Nov 6, 2013

Runnin' Down A Dream

I broke up with her last weekend.  Sandy.  It was a shitty thing to do, right after our one year anniversary and all.  Tuesday, I quietly went to my lawyer's office and signed the papers.  Signed my Hurricane Divorce House away exactly one year after Sandy came ashore and turned it into a watery mausoleum.  It's up to the bank now, but it's as close to a done deal as anything has been in my life since Sandy.  Until this past weekend.  On November 3 at about 2pm, I conquered the NYC Marathon.

Last year, on November 3 at about 2pm, I was here.

I Am The Dumpster King
Standing atop 30 cubic yards full of the remains of my Staten Island house.  My home studio is in there somewhere, my mementos, my furniture and my appliances, my walls and my ceilings.  My record collection and my record label business.  My past.  Greg T. was there that day, along with a motley crew of friends, family, co-workers and complete strangers.  Helping me dig out of the mud and the muck, helping me salvage whatever was left, and let me tell you - there wasn't much.  I saw a different side of humanity in those days and weeks to follow.  The amount of stuff I had lost paled in comparison to the kinship I had gained.

Greg T. and I were supposed to run the next day - two undersized Angry Young Men approaching middle age who had trained separately for 8 months straight, quietly egging each other on and comparing our progress.  It was friendly competition, and it motivated us.  If Greg did 14 miles on Monday, I had to do 15 on Tuesday.  And vice versa.  Greg and I didn't run a single mile together but we always ran with the other guy on our minds.

The general public, the masses - they know Greg T. as The Clown.  On Elvis Duran and the Morning Show, he's The Stunt Guy, The Jackass.  It is a role he fills quite well, and often times it's not entirely an act.  There is an honesty and a bravery about Greg T. that I have always admired, even while watching him fill his underwear with chili, even if I've seen his junk one too many times.

Greg T's morning show peeps - we also know him as The Jerk.  He can be rude, apathetic, neurotic, outspoken, insensitive, moody.  Shamelessly.  We all have different sides.  Greg just likes to show more of his off than the rest of us do.  I've seen him get into it with others even if after nearly (holy shit) 20 years, he and I have never said a cross word to each other.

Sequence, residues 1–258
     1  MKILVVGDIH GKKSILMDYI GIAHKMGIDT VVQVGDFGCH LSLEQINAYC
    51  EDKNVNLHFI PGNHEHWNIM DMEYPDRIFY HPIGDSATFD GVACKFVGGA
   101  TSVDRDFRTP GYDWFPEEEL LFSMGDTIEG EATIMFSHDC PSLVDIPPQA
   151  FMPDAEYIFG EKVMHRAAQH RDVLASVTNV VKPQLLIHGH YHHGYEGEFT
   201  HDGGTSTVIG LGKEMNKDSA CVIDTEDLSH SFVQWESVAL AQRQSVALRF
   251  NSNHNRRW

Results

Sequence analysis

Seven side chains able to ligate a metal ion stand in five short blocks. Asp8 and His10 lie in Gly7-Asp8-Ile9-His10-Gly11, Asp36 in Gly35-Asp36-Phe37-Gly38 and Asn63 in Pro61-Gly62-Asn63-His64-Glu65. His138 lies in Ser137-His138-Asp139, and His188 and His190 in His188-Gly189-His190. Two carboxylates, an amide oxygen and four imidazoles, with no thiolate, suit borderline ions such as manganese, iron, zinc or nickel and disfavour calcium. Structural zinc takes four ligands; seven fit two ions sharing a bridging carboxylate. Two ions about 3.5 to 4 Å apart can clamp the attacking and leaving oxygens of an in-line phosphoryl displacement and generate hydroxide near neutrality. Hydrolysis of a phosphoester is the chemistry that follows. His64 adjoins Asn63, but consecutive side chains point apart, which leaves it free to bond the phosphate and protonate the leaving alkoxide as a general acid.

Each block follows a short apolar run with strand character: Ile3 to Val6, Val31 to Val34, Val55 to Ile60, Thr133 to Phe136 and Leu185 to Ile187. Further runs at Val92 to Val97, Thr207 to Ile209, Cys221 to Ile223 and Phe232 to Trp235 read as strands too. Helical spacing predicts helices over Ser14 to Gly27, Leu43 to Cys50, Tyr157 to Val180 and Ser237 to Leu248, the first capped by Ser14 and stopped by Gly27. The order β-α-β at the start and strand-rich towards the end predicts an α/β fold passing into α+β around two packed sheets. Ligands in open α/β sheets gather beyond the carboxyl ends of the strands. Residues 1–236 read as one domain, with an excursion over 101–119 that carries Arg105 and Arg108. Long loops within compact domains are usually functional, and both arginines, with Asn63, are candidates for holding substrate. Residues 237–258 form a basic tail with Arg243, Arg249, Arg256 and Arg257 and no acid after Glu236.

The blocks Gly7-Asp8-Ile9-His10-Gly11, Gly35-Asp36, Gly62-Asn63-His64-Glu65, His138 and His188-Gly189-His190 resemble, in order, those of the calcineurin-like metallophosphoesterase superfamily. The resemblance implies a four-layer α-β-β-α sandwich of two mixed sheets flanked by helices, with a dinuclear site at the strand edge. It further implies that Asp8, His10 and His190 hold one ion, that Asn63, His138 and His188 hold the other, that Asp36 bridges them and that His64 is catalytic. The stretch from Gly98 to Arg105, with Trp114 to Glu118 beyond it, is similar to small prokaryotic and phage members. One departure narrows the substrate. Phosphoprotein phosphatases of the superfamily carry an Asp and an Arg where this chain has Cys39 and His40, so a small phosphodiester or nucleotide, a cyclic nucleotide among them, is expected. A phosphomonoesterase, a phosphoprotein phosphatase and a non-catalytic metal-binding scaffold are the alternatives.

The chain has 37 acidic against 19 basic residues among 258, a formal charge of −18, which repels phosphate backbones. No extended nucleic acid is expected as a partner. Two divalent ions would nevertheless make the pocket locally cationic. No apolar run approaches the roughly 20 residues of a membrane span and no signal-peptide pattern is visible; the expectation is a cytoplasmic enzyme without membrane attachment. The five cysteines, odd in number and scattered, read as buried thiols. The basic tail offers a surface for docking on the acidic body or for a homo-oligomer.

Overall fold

But the Greg T. I know - the guy I waited at the starting line with - he's a Real Good Dude.  A genuine person.  He is The Clown and he is The Jerk, but he can get away with it because he is also the guy I know, the caring introspective guy a lot of people really love.  On Sunday, I wanted nothing more than to start the race with Greg.  If anyone can loosen you up simply by being more emotional and insecure than you are, it's Greg T.  He cracked jokes and got sentimental and wore a wool scarf that made him look like Randy in A Christmas Story.

The night before the race, Greg sent me one of his trademark four paragraph texts.  Usually these go out to the whole show, and after some sort of controversy.  But this one was just for me - expressing his feelings over what we had gone thru to this point, what I had gone thru last year.  It was a really cool read.  The next morning, Greg smuggled me into the VIP tent at the Marathon Village.  Greg could have said "Good luck man, see you out there" and cozied up to Pam Anderson in the heated tent.  But he stepped up for me, just as he had a year earlier.  We fueled up and stayed warm inside.  We talked about Sandy and about Boston.   We pumped each other up with words of encouragement and got to enjoy the moment together.

At the starting line, I chatted up another celebrity runner, Patrick Wilson.  I was actually hoping to see Wilson, a dude whose acting chops and sideburns I have often admired in movies like Watchmen and Little Children.  Approaching "famous people" has always been awkward for me, yet at my job and in my industry, it's pretty commonplace.  Like most people, I have often been ill at-ease when meeting people that I really admire.  So I'm generally just quiet, put on my goofy grin and try not to drool.